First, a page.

Voter fraud allegations are pure bluster, says election law expert

“No evidence exists of any serious threat of voter fraud, at present or in any recent election cycle,” says Greg Magarian, J.D., election law expert and professor of law at Washington University in St. Louis. The current cries of “fraud” focus on the Association of Community Organizations for Reform Now (ACORN), a public interest organization that advocates for low- and moderate- income and minority citizens. ACORN employees in some localities have submitted false registration forms alongside legitimate ones.


“The dire warnings about fraud rest almost completely on these false forms,” Magarian says. “ACORN appears to have cooperated fully with investigations of its registration practices and initiated efforts to find and eliminate the bad actors in its midst. More importantly, filing false registration forms does not constitute voter fraud. Voter fraud requires voting by a person who is not legally entitled to vote. That is a difficult trick to pull off, and simply turning in a registration form for ‘Captain Crunch’ does almost nothing to enable it.”

Magarian notes that organizations – including the major political parties – pay people to register voters, and false forms are a fairly common problem.

“Some paid solicitors try to pad their numbers or ease their labor by filing false forms,” he says.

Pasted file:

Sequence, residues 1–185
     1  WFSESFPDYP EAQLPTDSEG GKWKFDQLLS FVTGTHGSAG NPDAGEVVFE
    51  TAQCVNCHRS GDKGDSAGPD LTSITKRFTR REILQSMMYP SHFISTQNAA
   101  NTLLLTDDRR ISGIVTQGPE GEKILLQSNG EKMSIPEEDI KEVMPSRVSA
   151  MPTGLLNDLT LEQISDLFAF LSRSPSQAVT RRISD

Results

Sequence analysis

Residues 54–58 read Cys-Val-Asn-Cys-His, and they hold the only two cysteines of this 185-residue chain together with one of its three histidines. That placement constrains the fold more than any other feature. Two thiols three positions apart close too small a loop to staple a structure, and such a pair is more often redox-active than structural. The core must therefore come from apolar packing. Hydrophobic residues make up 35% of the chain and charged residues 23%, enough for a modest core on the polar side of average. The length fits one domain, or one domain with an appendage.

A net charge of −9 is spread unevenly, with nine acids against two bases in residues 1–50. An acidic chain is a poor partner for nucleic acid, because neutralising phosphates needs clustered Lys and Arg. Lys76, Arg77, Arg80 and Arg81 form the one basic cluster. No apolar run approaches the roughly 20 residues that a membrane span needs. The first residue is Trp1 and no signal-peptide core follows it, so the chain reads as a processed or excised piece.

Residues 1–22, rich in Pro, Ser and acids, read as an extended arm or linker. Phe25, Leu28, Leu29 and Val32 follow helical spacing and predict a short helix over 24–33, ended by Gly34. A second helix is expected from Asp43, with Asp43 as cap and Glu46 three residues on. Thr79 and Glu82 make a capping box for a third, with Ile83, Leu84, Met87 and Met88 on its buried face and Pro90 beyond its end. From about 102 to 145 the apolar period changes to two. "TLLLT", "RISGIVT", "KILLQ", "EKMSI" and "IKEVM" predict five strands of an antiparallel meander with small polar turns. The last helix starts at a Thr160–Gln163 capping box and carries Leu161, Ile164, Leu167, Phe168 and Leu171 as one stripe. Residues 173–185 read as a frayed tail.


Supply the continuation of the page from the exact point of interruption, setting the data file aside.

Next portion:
“In other cases, false forms probably result from mischief by people the solicitors approach. The legal status of filing false registration forms varies by state, but the practice is generally illegal. The problem with false forms, however, has much less to do with any danger of voting fraud than with making unnecessary work for election officials.”

Every state can set its own rules for registration and the conduct of voting.

“If Democrats prevail – not just at the presidential level but also in key Senate, House, and state-level races – Republicans may try to use the fallacious “fraud” premise to discourage and interfere with voting in heavily Democratic areas and to challenge votes after the fact where state laws permit,” Magarian says. “How fully they succeed will depend on the integrity of state election officials. The stakes could hardly be higher.”

Editor’s note: Magarian is available for phone, e-mail and broadcast interviews. Washington University has VYVX and ISDN lines available free for news interviews.